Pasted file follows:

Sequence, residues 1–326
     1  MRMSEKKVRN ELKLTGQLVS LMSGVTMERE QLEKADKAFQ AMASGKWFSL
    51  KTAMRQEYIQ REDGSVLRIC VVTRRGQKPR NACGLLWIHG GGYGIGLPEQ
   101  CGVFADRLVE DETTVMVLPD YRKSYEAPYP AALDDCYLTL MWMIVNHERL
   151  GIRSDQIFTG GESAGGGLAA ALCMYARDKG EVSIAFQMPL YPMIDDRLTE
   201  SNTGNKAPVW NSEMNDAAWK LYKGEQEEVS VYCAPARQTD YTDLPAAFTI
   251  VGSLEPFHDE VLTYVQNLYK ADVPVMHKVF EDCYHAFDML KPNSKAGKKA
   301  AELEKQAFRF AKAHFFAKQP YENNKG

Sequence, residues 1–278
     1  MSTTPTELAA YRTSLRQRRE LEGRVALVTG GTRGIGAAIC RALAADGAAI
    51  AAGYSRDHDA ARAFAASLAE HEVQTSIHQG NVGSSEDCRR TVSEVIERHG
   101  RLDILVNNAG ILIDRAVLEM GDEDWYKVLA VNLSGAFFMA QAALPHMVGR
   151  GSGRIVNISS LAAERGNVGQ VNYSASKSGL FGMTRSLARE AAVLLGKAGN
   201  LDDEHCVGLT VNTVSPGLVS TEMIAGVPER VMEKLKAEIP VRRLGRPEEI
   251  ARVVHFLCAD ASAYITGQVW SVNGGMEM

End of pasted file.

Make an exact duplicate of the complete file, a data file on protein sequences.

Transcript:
Sequence, residues 1–326
     1  MRMSEKKVRN ELKLTGQLVS LMSGVTMERE QLEKADKAFQ AMASGKWFSL
    51  KTAMRQEYIQ REDGSVLRIC VVTRRGQKPR NACGLLWIHG GGYGIGLPEQ
   101  CGVFADRLVE DETTVMVLPD YRKSYEAPYP AALDDCYLTL MWMIVNHERL
   151  GIRSDQIFTG GESAGGGLAA ALCMYARDKG EVSIAFQMPL YPMIDDRLTE
   201  SNTGNKAPVW NSEMNDAAWK LYKGEQEEVS VYCAPARQTD YTDLPAAFTI
   251  VGSLEPFHDE VLTYVQNLYK ADVPVMHKVF EDCYHAFDML KPNSKAGKKA
   301  AELEKQAFRF AKAHFFAKQP YENNKG

Sequence, residues 1–278
     1  MSTTPTELAA YRTSLRQRRE LEGRVALVTG GTRGIGAAIC RALAADGAAI
    51  AAGYSRDHDA ARAFAASLAE HEVQTSIHQG NVGSSEDCRR TVSEVIERHG
   101  RLDILVNNAG ILIDRAVLEM GDEDWYKVLA VNLSGAFFMA QAALPHMVGR
   151  GSGRIVNISS LAAERGNVGQ VNYSASKSGL FGMTRSLARE AAVLLGKAGN
   201  LDDEHCVGLT VNTVSPGLVS TEMIAGVPER VMEKLKAEIP VRRLGRPEEI
   251  ARVVHFLCAD ASAYITGQVW SVNGGMEM